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What's Happening on the Sac County Mental Health Board?

Updated: Jan 21, 2022

Boards and commissions are important (ever thought of joining one?). We report on them when we can. This report is brought to you by Dr. Corrine McIntosh Sako, PsyD LMFT

On April 7th the County Mental Health Board met, here’s what happened:

What is the Mental Health Board?

The purpose of the Sacramento County Mental Health Board is to champion the rights of those with mental illnesses in Sacramento County. This Board is made up of consumer representatives (a person who is obtaining treatment or support for a mental illness), family members of consumers, and public interest representatives. There are currently 8 active Board members, including Supervisor Patrick Kennedy. The responsibilities of this Board are mandated in the Welfare and Institutions Code, Section 5604.2 and are supposed to include advising the Board of Supervisors and the local mental health director as to any aspect of the local mental health program; reviewing and evaluating the community’s mental health needs, services, facilities, and special problems; reviewing and approving the procedures used to ensure citizen and professional involvement at all stages of the planning process; and to assess the impact of the realignment of services from the State to the County on services delivered to the clients and the local community.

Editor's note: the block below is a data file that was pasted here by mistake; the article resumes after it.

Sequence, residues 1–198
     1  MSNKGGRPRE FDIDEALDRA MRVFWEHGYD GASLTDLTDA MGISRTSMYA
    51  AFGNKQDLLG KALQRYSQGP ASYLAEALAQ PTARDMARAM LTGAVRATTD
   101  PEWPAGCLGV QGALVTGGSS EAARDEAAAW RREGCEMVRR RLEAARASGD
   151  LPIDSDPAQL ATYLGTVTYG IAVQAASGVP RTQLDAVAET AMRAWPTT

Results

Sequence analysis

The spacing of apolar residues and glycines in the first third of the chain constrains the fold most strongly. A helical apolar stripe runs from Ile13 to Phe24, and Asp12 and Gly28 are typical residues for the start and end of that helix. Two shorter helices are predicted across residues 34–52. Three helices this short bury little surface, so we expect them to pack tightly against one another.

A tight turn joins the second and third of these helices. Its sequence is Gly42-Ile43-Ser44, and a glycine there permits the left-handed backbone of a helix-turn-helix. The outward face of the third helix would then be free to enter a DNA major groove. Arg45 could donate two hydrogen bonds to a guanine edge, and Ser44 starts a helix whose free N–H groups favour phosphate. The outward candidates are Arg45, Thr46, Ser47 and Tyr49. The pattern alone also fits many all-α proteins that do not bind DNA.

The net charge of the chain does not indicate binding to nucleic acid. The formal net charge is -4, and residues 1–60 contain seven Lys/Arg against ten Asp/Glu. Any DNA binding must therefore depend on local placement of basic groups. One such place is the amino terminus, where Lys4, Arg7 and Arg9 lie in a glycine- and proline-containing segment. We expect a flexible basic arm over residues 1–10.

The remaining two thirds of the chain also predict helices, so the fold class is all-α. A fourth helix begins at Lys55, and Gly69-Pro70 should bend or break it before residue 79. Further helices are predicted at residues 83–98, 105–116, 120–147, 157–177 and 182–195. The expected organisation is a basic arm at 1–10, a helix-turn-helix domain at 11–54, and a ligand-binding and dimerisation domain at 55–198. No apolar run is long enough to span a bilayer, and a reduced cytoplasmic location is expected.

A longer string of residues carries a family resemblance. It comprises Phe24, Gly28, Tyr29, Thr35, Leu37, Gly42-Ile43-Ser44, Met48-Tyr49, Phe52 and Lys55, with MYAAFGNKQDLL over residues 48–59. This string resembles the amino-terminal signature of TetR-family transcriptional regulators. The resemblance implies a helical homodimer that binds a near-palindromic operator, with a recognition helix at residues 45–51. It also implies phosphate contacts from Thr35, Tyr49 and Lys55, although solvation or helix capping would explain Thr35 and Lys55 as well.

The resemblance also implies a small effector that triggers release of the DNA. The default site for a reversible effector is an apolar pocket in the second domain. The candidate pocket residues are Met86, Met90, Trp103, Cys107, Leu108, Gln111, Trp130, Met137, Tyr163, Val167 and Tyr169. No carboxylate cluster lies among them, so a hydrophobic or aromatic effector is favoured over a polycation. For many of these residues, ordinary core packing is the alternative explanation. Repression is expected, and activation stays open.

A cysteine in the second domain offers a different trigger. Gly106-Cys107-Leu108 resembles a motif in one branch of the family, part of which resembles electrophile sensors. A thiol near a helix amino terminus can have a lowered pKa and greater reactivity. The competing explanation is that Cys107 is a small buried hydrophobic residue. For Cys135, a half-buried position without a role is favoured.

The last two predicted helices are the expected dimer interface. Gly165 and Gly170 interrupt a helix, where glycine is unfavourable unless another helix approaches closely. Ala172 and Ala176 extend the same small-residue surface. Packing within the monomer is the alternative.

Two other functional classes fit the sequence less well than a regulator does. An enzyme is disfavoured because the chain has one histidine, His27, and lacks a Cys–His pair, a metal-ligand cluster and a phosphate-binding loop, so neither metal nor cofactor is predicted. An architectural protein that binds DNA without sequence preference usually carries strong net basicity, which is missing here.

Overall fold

What happened?

The Behavioral Health Services Director, Dr. Ryan Quist, gave a recap to the Mental Health Board regarding the Board of Supervisors’ latest meeting on the Alternatives to 911 for Mental Health Crises and Quality of Life Calls initiative. He began his recap talking about the federal and state funding opportunities that the County is hoping to utilize for this program. He next moved on to describe how the County was planning to use the CRISIS NOW model for program design, that currently operates in Maricopa County, Arizona and includes a stand-alone dispatch center, mobile crisis response teams consisting of a trained mental health professional and a peer support specialist, and a 24/7 crisis care clinic. He shared that the Board of Supervisors would next hear about this initiative in June during a budget recommendation hearing and then would finalize a funding in September.